The Miami Marlins were lucky to have four Major League-caliber starters for a good majority of the regular season in 2013. But the fourth and fifth starting pitcher sports were occasionally devoid of Major League talent last year. Instead, the Fish filled out those spots with trial players, many of whom failed to impress and did not last long in the big leagues.
Slowey was the best of the three primary starters the team went to for the bottom of the rotation. Slowey won a job out of Spring Training and started the year by suppressing home runs in a major way. In his first month of the season, Slowey gave up just three homers in 37 2/3 innings while doing his usual walk-suppressing ways. This yielded a 2.15 ERA and 3.18 FIP.
But from that impressive start, Slowey returned to his old ways, complete with a good number of long balls. His career 31 percent ground ball rate reared its ugly head, and he gave up nine more homers in 54 1/3 innings en route to a 5.47 ERA and 4.25 FIP. Still, in those remaining innings, he still struck out 19.1 percent of his hitters faced and walked only 4.8 percent of them, meaning he still pitched well despite the added homers and ugly numbers.
The overall season numbers returned to what you would typically expect from Slowey. At this point, he may still be a viable Major League starter, which is more than can be said for the following two pitchers.
|Alex Sanabia||55 1/3||12.4||10.0||4.88||5.85||-0.6||-0.3|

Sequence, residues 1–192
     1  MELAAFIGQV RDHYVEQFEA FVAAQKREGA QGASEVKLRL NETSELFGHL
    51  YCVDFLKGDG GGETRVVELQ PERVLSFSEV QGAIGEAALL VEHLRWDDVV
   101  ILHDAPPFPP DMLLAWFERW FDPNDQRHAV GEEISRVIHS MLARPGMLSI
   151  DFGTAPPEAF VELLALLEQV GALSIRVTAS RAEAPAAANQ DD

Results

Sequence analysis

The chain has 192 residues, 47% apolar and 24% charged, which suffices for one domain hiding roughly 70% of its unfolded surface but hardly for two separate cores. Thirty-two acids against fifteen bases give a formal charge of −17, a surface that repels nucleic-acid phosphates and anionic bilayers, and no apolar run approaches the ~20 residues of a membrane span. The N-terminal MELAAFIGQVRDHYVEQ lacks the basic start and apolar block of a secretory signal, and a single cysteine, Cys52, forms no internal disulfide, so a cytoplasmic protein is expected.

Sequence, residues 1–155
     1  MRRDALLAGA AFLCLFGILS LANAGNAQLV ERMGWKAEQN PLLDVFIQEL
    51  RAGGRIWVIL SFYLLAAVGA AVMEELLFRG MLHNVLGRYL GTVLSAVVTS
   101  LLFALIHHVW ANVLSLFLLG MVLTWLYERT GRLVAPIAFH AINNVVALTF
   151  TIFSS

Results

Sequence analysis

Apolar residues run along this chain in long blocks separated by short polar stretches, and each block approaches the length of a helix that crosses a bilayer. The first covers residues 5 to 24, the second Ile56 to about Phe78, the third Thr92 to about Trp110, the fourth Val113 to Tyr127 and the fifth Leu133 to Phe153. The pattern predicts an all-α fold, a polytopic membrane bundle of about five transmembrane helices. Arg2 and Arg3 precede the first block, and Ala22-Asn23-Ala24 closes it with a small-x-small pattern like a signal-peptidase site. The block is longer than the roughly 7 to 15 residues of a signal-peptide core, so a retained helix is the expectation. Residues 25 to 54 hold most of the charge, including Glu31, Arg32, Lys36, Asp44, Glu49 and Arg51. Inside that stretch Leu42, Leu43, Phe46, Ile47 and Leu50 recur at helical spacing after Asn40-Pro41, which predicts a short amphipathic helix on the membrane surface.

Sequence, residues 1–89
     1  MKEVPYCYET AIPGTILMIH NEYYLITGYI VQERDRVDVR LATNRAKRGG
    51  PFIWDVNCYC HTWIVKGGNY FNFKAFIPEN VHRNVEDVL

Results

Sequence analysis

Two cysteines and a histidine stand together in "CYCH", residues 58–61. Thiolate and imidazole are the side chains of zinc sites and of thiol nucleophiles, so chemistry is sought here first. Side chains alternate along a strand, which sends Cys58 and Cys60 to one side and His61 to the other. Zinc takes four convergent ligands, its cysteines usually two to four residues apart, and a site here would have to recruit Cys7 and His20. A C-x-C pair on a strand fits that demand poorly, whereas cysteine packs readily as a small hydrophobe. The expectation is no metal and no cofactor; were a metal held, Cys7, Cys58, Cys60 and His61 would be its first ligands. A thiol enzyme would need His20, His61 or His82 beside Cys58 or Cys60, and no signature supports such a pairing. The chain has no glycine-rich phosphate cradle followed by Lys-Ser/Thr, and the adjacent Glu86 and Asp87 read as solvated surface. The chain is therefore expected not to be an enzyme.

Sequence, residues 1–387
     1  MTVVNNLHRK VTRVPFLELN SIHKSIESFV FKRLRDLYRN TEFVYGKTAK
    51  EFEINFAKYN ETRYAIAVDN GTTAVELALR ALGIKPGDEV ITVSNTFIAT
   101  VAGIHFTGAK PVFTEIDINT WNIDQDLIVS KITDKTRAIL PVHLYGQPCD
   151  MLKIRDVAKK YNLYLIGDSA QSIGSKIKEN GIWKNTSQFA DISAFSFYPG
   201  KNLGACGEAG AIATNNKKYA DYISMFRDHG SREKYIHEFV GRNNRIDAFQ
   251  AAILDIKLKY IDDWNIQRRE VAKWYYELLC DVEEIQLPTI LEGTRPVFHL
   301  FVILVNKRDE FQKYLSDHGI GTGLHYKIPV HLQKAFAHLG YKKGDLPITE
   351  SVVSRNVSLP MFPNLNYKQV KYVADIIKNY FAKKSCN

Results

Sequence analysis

Sanabia's biggest contribution to the 2013 regular season was the most blatant spitball attempt in recent memory, as Sanabia gave up a home run against the Philadelphia Phillies and then threw a giant loogie all over the ball conveniently in front of the TV broadcast cameras. Other than the spitball and subsequent day of interest in his game, Sanabia was an awful pitcher in 2013.
Despite an intriguing 9.9 percent swinging strike rate, Sanabia barely was able to put the ball in the strike zone. Sanabia threw a two-to-one ratio on balls versus called strikes on his fastballs, and that ratio has just not been good enough to make up for his poor called strike rates on his breaking pitches (3.5 and 3.3 on his changeup and slider respectively). The strikeout rate was not surprising, but because of the lack of called strikes, Sanabia simply could not get strikeouts despite the fact that he was fooling hitters.
The rest of his game was predictably terrible. As an extreme fly ball pitcher, even Marlins Park could not help suppress his home runs, as he gave up 10 in 55 1/3 innings. All of that play led to a midseason injury and permanent demotion.
LeBlanc entered the season as a player with a decent chance at the fifth starting spot, and he ended up earning that spot thanks to injuries to Eovaldi and Alvarez. But he was not the same pitcher he was in the previous season with the Fish. The Marlins got a lot fewer strikeouts out of LeBlanc this year and, more importantly, the home runs that you suspected might come out from a player with a career 35 percent ground ball rate showed up. LeBlanc gave up seven homers in 55 innings, adding onto Sanabia's problems.
LeBlanc ended up being the first of the Marlins' expendable starters to be sent down to the bullpen, and eventually he was placed on waivers to clear him from the 40-man roster, after which the Houston Astros claimed him.